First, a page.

When I was 18 years old I was in a high school play. To conclude my senior year a few friends and I thought it would be a change of pace to finish off four years. Joseph and the Amazing Technicolor Dreamcoat was a blast, I was the camel.
At 18 Bryce Harper is making $10 million and living every kid’s dream of playing professional baseball.
Harper and his Hagerstown Suns visited Charleston, West Virginia this week to take on the Power, class-A affiliate of the Pirates. Of course, I had to see the phenom for myself.
Appalachia Power Park is an intimate place to watch a game with just a single level of seats wrapping around home plate and down the lines. Situated just off of downtown, the park is fairly new and modern.
It was my first time here and really one of my first times spending an extended day in the WV capital. I had a job interview down there and made a day out of it touring my potential new home. I could think of no better way to cap off a productive day than at a ball game.
I was coming to the game regardless, so having the chance to see Bryce Harper live was just an added incentive. I was not alone. About 20 people were waiting near the clubhouse for Harper, specifically. I was worried he would bypass the autograph seekers as I heard stories that he was a jerk and already at 18 he carried himself with the arrogance of Barry Bonds.
He exemplified a bit of cockiness but was still cordial as he stopped to sign for everybody.
I got him to sign a Baseball America cover from March in which he leads a listing of baseball’s top 100 prospects. After the game he stopped to sign again and I had him sign my scorebook.
In the game, Harper looked like the kid he is.
He went 0-for-3 with a walk and was caught stealing. In the walk, he showed bunt on every single pitch and was walked in four. It was a move my little league coach had me do to draw the pitcher off and get on baseball easily. Harper’s trick paid off for him, too. He did make a nice sliding catch in right field to rob a for sure double, maybe triple.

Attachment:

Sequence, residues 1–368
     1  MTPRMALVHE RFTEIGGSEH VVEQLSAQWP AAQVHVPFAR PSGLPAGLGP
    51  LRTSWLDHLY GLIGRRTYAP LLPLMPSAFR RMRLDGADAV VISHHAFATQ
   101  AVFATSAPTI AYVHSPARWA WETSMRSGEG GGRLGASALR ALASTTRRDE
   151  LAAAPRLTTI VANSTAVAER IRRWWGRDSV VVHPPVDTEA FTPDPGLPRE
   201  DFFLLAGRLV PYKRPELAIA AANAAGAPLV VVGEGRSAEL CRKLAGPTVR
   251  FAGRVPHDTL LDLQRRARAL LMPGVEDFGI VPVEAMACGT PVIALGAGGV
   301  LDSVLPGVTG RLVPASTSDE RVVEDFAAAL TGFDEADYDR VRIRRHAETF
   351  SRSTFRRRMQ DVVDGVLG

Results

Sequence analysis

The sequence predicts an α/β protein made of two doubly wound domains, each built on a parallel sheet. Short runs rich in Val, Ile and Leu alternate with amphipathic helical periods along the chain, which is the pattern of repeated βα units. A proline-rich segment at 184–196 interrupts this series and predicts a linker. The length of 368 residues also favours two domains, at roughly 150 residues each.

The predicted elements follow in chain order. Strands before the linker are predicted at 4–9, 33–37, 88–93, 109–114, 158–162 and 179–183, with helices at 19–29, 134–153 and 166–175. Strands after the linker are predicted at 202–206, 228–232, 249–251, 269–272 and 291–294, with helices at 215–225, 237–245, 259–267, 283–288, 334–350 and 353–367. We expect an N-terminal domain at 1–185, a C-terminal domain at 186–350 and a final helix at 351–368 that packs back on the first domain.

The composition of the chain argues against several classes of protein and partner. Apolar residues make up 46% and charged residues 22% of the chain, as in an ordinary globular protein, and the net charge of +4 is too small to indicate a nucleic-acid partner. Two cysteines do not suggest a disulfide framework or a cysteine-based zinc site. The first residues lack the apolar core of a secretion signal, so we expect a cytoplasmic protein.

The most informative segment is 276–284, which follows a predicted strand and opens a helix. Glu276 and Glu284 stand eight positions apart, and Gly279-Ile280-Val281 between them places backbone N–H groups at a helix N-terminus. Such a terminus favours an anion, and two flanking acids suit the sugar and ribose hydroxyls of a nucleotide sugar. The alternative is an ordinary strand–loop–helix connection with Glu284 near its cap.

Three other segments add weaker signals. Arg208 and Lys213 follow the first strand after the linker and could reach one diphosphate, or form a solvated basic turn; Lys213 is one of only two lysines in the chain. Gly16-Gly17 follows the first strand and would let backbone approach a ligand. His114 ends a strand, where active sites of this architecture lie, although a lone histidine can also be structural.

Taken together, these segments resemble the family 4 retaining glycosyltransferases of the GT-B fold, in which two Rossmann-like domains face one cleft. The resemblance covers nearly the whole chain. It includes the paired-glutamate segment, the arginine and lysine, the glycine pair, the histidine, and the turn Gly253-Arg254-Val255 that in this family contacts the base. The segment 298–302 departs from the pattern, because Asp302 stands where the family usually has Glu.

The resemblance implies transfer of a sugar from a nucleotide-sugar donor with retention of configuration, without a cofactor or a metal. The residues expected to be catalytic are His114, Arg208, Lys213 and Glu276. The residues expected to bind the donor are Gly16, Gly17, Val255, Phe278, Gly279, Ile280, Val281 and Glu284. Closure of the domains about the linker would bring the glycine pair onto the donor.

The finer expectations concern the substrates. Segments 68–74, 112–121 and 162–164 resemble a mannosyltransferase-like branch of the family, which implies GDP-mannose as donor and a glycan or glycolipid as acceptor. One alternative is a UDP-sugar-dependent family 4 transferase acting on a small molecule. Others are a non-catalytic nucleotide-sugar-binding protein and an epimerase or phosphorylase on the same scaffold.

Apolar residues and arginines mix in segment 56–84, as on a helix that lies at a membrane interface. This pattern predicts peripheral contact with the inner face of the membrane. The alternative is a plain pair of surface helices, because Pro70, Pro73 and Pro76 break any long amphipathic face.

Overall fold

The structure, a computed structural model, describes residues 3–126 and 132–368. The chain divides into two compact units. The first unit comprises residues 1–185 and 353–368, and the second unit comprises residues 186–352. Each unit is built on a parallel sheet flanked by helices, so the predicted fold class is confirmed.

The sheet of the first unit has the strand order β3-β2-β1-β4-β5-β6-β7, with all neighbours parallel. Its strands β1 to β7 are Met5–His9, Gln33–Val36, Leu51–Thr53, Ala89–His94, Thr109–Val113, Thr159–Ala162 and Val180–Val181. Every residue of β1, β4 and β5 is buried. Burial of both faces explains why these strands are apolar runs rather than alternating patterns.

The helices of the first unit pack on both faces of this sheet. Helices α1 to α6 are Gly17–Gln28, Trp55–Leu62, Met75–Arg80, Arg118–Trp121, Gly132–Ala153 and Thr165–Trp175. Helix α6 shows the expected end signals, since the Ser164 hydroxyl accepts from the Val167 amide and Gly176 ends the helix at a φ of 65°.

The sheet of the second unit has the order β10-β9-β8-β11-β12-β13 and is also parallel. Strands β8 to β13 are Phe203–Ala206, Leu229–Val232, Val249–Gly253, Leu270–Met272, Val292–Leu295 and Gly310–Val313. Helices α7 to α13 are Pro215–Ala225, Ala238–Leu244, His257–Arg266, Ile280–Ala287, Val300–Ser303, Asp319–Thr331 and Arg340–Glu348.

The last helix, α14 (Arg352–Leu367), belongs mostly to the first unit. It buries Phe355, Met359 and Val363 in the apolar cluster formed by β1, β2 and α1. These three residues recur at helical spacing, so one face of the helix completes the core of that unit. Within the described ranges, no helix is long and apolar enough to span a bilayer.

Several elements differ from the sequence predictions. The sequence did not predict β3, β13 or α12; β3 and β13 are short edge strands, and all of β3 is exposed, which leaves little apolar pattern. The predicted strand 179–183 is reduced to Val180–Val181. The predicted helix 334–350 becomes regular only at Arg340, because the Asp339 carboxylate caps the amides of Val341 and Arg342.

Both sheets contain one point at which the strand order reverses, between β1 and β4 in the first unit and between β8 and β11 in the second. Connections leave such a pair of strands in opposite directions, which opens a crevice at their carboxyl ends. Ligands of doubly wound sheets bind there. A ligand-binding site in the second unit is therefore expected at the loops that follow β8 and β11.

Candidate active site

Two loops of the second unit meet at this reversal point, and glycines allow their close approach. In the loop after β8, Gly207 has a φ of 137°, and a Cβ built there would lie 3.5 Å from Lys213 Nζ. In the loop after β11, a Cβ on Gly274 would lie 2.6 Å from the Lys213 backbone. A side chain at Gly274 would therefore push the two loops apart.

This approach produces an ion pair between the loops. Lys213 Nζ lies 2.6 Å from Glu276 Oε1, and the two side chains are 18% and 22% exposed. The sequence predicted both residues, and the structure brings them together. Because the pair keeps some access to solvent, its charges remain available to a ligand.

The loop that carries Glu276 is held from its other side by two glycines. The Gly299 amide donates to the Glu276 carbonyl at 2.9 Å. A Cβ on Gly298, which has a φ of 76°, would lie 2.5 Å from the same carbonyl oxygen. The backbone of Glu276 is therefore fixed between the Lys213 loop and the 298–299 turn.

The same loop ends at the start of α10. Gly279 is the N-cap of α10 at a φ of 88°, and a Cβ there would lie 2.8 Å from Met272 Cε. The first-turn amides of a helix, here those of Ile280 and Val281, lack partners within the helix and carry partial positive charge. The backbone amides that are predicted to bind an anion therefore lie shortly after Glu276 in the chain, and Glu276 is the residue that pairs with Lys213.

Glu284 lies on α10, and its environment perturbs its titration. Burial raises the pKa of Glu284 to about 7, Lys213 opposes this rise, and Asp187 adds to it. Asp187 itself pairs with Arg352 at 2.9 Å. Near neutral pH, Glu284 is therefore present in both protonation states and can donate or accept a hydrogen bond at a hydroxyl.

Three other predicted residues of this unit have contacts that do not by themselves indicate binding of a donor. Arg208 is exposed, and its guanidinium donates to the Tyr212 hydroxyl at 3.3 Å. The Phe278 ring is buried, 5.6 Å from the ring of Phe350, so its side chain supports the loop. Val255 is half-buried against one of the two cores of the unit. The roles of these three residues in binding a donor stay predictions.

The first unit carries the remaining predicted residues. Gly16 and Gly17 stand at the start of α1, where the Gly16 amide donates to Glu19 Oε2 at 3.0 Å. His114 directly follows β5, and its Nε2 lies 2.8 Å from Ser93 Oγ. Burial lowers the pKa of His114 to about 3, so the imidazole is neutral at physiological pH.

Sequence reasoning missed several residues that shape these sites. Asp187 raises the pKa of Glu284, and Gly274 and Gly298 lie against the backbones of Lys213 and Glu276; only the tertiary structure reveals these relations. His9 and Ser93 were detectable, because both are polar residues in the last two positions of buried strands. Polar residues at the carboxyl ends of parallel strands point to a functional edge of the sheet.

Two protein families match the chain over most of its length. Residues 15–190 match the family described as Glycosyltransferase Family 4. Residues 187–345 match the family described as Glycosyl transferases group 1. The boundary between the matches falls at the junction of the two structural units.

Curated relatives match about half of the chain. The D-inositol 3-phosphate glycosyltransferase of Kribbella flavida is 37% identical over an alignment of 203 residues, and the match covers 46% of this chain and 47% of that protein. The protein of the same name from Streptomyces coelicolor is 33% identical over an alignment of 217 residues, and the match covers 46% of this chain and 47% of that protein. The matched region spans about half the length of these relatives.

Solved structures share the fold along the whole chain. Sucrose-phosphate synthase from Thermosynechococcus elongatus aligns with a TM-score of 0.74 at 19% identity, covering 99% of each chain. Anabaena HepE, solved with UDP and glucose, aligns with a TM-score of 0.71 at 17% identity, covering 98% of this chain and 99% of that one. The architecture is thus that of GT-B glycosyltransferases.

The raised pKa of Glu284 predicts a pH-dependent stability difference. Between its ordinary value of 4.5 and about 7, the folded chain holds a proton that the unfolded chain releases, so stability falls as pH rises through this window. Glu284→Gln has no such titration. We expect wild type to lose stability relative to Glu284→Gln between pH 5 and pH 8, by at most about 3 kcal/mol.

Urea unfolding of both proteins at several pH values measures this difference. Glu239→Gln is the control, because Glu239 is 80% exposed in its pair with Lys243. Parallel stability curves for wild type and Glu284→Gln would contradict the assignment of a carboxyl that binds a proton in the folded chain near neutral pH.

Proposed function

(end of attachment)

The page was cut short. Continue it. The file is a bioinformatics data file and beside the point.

The Suns were victorious 3-0. Offense was hard to come by for the Power.
It was a fun time just being at a minor league game. The crowd, as a whole, was sparse but I still had a great time. The quirkiness of of games like this are the real draw for families and casual fans. The quality of baseball is still high, but many miscues were made across the diamond. That’s what minor league is for. Some of these prospects will never sniff the big leagues and in all honesty will flash out very soon. But players, like Harper, have a legitimate shot to be major league stars.
The Power also had a future big leaguer on their roster in pitcher Jameson Taillon. He was chosen just one pick after Harper in last year’s draft. He made his debut two nights after I was down there and walked Harper in a rain shortened game. Taillon is just 19 years old but consistently was clocked at 100 mph in his 2 innings of work.
I’m a good four years older than these guys, and I would give anything to be in their shoes.